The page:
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The perils of constitutional recognition of local government

Will the push for constitutional recognition of local government actually improve Australia’s system of government? AAP/Alan Porritt

Is this the referendum we don’t need to hold?

And how many Australians truly understand the potential impact of their actions when they vote in referendum of the constitutional recognition of local government on September 14, the same day as the federal election?

The Gillard government has already announced the introduction of the Constitution Alteration (Local Government) Bill in the winter sitting of federal parliament. The purpose of the bill is to seek a referendum to amend the Constitution to provide for financial recognition of local government.

Although the proposal has the potential to further erode the state of the Australian federation, it has received only scant attention.

This oversight is a function of both circumstance and timing. The referendum, first mooted in 2010, has been over shadowed by the politics of minority government, even though it is, ironically, a by-product of it.

If the referendum does proceed, debate on the issue is likely to be further eclipsed by the 2013 federal election.

A federal Labor government has twice attempted to enshrine recognition of local government in the Constitution, in 1974 and again in 1988. On both occasions, the people had the good sense to reject the question.

The current draft bears a strong resemblance to earlier efforts to codify local government into the federal Constitution. It involves amending section 96 of the Constitution. If successful, it will result in the insertion of a reference to local government bodies, specifically that the Commonwealth parliament may grant financial assistance to any state, or to any local government body formed by a law of a state.

The government argues enshrining local government into the Constitution is merely recognition of the existing reality of the relationship between national and local government. The national government funds local governments both directly and indirectly to the tune of A$2.7 billion per year. This money is used to pay for community infrastructure projects.

There appears to be broad political consensus for the referendum which has been driven by the Australian Greens and independents Tony Windsor and Rob Oakeshott. Constitutional recognition of local government was a condition of their support for a Labor minority government.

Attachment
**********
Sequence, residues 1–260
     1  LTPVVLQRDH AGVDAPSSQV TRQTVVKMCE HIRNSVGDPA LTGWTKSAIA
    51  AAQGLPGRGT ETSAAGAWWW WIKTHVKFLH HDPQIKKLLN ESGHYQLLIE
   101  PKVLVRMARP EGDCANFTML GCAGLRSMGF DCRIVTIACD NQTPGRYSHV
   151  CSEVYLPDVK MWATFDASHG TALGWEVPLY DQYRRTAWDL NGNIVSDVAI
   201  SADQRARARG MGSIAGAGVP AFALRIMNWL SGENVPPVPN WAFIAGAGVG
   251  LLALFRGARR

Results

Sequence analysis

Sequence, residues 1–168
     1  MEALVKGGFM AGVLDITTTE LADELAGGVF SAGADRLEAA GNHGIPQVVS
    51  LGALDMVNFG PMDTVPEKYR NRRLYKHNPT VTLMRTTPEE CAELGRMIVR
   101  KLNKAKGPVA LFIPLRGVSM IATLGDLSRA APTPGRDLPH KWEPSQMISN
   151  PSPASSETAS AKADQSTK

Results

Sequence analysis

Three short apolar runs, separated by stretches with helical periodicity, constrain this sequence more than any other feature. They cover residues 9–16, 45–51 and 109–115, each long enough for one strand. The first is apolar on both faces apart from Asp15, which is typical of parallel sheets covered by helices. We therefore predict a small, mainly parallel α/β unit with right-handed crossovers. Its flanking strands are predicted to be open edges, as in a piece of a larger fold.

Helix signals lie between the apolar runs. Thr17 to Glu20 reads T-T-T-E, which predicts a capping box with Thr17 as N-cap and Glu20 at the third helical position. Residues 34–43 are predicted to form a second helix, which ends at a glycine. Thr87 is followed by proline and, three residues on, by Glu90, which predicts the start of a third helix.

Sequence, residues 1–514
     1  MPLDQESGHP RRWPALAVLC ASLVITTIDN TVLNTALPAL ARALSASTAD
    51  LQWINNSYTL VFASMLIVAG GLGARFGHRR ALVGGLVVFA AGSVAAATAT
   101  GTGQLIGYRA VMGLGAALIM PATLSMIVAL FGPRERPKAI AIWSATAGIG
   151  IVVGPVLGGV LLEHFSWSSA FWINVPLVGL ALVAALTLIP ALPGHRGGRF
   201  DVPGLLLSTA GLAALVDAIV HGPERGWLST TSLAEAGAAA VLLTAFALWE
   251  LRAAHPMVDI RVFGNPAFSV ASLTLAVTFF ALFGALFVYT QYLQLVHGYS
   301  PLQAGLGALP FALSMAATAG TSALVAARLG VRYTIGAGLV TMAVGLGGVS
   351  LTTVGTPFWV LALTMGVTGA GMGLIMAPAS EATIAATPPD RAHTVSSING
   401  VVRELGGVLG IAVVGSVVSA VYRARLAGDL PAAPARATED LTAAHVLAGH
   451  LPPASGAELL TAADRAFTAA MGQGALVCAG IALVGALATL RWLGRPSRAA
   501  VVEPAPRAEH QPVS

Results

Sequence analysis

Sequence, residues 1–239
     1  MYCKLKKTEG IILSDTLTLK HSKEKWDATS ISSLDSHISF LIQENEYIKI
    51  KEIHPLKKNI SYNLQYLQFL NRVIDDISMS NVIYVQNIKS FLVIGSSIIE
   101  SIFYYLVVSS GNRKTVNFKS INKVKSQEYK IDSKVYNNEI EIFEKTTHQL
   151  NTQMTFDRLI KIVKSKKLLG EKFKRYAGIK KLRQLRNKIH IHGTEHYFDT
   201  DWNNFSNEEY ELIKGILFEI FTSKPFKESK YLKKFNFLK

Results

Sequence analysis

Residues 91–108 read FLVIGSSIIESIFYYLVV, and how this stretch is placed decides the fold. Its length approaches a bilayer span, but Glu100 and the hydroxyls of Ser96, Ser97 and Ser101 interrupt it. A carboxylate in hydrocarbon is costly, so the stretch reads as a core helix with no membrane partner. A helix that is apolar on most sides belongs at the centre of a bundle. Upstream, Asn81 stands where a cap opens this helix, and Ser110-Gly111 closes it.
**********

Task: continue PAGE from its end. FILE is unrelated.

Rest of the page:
The coalition has also indicated in-principle support for the planned bill, although there are a number of high profile MPs within the party room who oppose the initiative.

Outside of the rarified air of the federal parliament, the Australian Local Government Association (ALGA) is among the most enthusiastic proponents of the referendum - the proposed alteration to Section 96 will presumably safeguard the flow of federal funds into their coffers.

Given the widespread support for constitutional recognition of local government, one could be forgiven for thinking the proposed referendum is both innocuous and beneficial.

However, the changes being proposed to the Constitution are significant in both practice and in principle.

Whether it is the Gillard government’s intention or not, this referendum will permit further federal government expansion into affairs which it does not have original formal jurisdiction.

While this federal “creep” has been occasionally sanctioned by the High Court, it has largely come about as a consequence of the financial dominance of the federal government.

Any further subversion of the federal principle is problematic. Federations are complex structures and not without complications. But the benefits of this type of political arrangement are frequently misunderstood.

One of the great strengths of a federal system is it limits the capacity for any one level of government to dominate all policy areas. The renting of power between state and federal tiers of government provides citizens with the ultimate protection against the institution of government.

If successful, the referendum will introduce greater scope for federal governments to bypass those state governments that it perceives to be as recalcitrant by funding local governments directly.

Opposition to constitutional recognition for local government is not an argument for freezing the federation in time. The Australian federation has changed since its establishment, a phenomenon which is both inevitable and natural. And there has been a legitimate role for some extension in the oversight of national government.

But proposals for formal constitutional change that diminish the states should be viewed with caution.

As Greg Craven pointed out in The Australian last week, this reform will not improve or enhance our system of government.

The federal government has not advanced a compelling case for a referendum. If, as it suggests, the proposed amendment is “a simple piece of national housekeeping”, why is change imperative?

A successful alteration to the Constitution is not a guarantee local governments will receive Commonwealth monies, only that the federal government may allocate revenue if it so chooses.

The referendum on constitutional recognition of local government will expand the powers of the federal government and create new opportunities for it to impose its priorities on the states. This will not simply diminish state governments but the citizens that they serve and represent.

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